Abstract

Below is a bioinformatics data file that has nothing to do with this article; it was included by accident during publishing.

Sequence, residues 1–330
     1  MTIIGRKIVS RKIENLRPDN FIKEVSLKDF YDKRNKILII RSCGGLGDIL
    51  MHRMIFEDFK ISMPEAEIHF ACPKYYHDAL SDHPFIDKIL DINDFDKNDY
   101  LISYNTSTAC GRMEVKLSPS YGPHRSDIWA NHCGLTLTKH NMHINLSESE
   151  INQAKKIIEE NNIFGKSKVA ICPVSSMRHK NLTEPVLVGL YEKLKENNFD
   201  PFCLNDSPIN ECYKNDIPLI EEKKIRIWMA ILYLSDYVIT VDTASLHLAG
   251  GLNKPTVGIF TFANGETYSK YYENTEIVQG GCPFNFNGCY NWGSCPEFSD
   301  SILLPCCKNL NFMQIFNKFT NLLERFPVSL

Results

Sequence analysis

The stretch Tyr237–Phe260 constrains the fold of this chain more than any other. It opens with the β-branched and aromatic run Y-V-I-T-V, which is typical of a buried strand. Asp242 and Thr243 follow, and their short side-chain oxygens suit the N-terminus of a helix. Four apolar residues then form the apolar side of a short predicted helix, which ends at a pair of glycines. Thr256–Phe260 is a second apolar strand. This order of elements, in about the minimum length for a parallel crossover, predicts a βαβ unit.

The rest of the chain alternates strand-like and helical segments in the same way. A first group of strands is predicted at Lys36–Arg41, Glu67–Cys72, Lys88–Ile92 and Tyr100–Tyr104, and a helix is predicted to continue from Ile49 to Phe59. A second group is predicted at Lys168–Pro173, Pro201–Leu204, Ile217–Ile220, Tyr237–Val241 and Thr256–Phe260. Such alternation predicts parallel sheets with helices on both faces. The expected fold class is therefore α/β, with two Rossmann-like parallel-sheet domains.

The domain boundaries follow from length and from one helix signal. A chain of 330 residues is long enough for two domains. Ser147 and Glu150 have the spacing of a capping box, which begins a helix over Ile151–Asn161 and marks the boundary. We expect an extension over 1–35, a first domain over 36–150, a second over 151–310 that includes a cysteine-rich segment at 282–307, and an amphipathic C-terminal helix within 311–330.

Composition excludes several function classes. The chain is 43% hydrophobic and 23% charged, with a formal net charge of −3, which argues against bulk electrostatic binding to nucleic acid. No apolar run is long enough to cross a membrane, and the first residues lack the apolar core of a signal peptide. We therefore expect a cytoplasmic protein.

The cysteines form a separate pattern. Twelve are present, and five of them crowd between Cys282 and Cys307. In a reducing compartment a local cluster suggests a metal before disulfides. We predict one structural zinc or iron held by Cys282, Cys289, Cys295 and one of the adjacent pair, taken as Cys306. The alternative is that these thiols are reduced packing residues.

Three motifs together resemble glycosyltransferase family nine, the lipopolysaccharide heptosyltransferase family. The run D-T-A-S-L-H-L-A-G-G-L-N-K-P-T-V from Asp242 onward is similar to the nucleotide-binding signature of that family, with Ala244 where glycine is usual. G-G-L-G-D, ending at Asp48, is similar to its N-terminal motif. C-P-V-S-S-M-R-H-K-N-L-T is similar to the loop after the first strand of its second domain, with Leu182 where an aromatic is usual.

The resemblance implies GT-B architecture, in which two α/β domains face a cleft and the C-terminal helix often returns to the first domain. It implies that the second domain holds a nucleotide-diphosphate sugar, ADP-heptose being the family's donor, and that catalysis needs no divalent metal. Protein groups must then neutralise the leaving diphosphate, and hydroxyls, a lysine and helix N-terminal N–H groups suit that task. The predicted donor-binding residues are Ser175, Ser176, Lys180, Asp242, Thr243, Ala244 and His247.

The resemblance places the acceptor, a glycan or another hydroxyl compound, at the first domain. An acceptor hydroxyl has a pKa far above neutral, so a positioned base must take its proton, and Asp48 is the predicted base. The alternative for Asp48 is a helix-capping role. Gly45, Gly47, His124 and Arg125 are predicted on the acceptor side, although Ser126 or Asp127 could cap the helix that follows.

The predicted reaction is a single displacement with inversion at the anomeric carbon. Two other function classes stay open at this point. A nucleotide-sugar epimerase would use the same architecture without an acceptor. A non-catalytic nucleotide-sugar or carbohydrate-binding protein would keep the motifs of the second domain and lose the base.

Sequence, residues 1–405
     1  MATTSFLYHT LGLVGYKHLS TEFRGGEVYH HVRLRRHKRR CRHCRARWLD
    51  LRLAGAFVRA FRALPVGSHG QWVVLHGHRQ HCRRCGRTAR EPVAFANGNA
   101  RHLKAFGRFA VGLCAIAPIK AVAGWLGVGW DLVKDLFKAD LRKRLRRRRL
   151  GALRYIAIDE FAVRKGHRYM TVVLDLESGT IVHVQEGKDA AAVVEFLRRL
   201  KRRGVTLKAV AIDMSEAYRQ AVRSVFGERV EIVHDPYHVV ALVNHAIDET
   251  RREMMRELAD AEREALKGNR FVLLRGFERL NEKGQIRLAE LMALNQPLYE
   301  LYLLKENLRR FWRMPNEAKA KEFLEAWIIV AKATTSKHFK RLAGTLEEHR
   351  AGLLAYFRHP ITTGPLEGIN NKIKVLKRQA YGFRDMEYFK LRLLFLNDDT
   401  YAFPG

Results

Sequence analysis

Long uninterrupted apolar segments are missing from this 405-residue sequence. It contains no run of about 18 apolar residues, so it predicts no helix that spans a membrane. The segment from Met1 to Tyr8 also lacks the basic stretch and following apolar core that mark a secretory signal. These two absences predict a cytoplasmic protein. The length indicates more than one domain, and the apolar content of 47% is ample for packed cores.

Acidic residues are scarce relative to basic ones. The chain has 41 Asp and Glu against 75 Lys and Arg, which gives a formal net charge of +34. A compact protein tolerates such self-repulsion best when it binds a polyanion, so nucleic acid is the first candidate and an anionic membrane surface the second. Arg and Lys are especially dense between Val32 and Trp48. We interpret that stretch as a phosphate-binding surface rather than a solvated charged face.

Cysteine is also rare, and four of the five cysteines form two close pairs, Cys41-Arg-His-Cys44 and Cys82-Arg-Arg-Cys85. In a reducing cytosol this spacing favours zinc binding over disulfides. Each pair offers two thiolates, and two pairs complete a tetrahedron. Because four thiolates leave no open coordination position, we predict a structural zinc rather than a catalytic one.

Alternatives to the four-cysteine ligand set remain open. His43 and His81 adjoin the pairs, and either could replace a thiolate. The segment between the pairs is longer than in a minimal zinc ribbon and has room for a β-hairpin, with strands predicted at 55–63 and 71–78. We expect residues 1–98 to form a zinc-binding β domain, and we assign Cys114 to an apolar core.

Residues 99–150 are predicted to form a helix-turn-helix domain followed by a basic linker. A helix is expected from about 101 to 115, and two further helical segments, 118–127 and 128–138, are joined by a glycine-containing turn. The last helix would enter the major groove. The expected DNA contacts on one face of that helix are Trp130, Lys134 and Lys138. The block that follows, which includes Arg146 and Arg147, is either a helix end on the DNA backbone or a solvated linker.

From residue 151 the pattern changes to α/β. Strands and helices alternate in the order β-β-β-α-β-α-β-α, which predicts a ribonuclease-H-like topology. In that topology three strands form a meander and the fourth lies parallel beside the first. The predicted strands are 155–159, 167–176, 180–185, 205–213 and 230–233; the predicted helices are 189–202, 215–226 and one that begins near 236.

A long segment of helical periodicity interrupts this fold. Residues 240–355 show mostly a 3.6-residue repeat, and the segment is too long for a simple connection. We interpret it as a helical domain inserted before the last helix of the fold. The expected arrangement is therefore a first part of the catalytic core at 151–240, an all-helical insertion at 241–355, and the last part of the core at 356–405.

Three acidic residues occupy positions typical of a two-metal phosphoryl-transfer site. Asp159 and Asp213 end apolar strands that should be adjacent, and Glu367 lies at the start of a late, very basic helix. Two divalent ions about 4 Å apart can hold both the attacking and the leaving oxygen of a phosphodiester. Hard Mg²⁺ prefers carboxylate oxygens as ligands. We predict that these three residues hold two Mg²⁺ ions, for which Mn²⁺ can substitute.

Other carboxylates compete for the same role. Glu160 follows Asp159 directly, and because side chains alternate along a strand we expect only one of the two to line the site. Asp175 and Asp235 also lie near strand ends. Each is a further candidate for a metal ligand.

A thin (1–5 mm) spherule layer in ca. 2.63 Ga shale from the Jeerinah Formation (Pilbara craton, northwestern Australia) has been identified at two new localities. The layers have Ir concentrations as high as 15.5 ppb, significantly higher than the surrounding carbonaceous shale (<1.5 ppb). The sand-sized spherules display quench and devitrification textures and are interpreted as former silicate melt droplets that were replaced by K-feldspar, carbonate, and sulfide during diagenesis. In one spherule-layer sample, an angular quartz grain (∼100 μm in size) with planar deformation features was found, which represents the oldest known shocked grain in distal ejecta by >2000 m.y. The survival of shocked quartz in ca. 2.63 Ga rocks, which have undergone multiple metamorphic events, suggests that their absence in other impact ejecta layers may not only be a question of preservation. The presence of shocked quartz and anomalously high Ir contents in a layer containing melt spherules provides compelling evidence for an extraterrestrial impact with a target area that was at least partly silicic, favoring a continental impact site. Estimates based on geochemical data suggest that the spherule layer comprises as much as 2–3 wt% of a chondritic meteorite component. If proposed correlations with the Carawine (eastern Pilbara craton) and Monteville (South Africa) layers are correct, then the combined ejecta blanket represents fallout from a single major impact with an areal distribution of >32,000 km2, among the largest yet documented in the Precambrian rock record.

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